# nLab Smith space (functional analysis)

Contents

For the generalized smooth space of the same name see at Smith space (generalized smooth space).

# Contents

## Definition

In the context of functional analysis, a Smith space is a complete locally convex topological $\mathbb{R}$-vector space $V$ that admits a compact absolutely convex subset $K \subset V$ such that $V = \bigcup_{c \gt 0} c K$ with the induced compactly generated topology on $V$.

## Examples

• For a compact absolutely convex set, $S$, the space of measures, $M(S)$, with the compactly generated topology is a Smith space.

## Properties

The category of Smith spaces is equivalent to the opposite of the category of Banach spaces. More precisely, if $V$ is a Banach space, then $Hom(V,\mathbb{R})$ is a Smith space; and if $W$ is a Smith space, then $Hom(W,\mathbb{R})$ is a Banach space, where in both cases we endow the dual space with the compact-open topology. The corresponding biduality maps are isomorphisms.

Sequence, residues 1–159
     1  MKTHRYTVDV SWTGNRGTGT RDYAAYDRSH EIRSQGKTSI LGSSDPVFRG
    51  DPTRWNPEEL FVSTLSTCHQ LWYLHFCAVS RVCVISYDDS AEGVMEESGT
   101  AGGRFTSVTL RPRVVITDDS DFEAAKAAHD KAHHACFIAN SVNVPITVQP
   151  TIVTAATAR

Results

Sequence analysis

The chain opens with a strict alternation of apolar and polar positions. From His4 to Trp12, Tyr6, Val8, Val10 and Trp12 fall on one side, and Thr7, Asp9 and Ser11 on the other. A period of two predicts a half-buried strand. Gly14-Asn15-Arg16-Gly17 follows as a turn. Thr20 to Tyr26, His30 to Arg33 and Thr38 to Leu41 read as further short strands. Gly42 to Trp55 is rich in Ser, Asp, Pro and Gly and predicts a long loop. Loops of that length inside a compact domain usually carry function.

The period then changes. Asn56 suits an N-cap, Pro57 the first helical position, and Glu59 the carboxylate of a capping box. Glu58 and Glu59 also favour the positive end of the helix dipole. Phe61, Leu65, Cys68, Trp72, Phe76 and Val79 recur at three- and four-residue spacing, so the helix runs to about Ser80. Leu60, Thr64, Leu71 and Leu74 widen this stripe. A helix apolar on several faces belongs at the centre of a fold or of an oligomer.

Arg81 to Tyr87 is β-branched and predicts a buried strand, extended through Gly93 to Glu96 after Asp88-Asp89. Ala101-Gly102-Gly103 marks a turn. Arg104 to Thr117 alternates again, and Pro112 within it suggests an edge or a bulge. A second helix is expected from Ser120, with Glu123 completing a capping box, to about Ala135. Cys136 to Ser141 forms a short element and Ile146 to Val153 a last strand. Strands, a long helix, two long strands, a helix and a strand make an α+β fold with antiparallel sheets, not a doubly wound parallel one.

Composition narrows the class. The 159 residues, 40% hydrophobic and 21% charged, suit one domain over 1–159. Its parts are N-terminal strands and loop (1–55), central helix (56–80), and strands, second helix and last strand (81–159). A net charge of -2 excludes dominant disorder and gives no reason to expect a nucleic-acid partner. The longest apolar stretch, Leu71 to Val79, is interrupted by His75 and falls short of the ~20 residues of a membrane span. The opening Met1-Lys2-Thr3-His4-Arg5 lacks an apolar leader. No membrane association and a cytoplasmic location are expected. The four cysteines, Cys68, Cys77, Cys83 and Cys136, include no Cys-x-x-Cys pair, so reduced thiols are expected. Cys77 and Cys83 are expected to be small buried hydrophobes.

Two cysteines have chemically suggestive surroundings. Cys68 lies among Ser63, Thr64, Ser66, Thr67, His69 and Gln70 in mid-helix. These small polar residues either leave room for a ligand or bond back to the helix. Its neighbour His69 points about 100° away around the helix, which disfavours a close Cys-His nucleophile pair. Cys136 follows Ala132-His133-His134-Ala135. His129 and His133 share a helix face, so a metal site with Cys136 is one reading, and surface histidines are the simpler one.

Smith spaces are more natural than Banach spaces from the perspective of condensed mathematics because they are controlled by a nice compact subset instead of a nice open subset (the unit ball) as in the Banach setting. Also, Banach spaces are filtered colimits of Smith spaces while Smith spaces are filtered limits of Banach spaces. Filtered colimits have better algebraic and homological properties.

Smith spaces embed fully faithfully in condensed R-vector spaces, but Smith spaces do not form an abelian category. There is an induced functor from Waelbrock’s enlarged (abelian) category of quotients of Smith spaces, but that functor is not fully faithful.

Smith spaces are the same as Waelbrock dual spaces.

A Banach space is a Smith space if and only if it is finite-dimensional.

The original treatment is in

In the context of condensed mathematics, see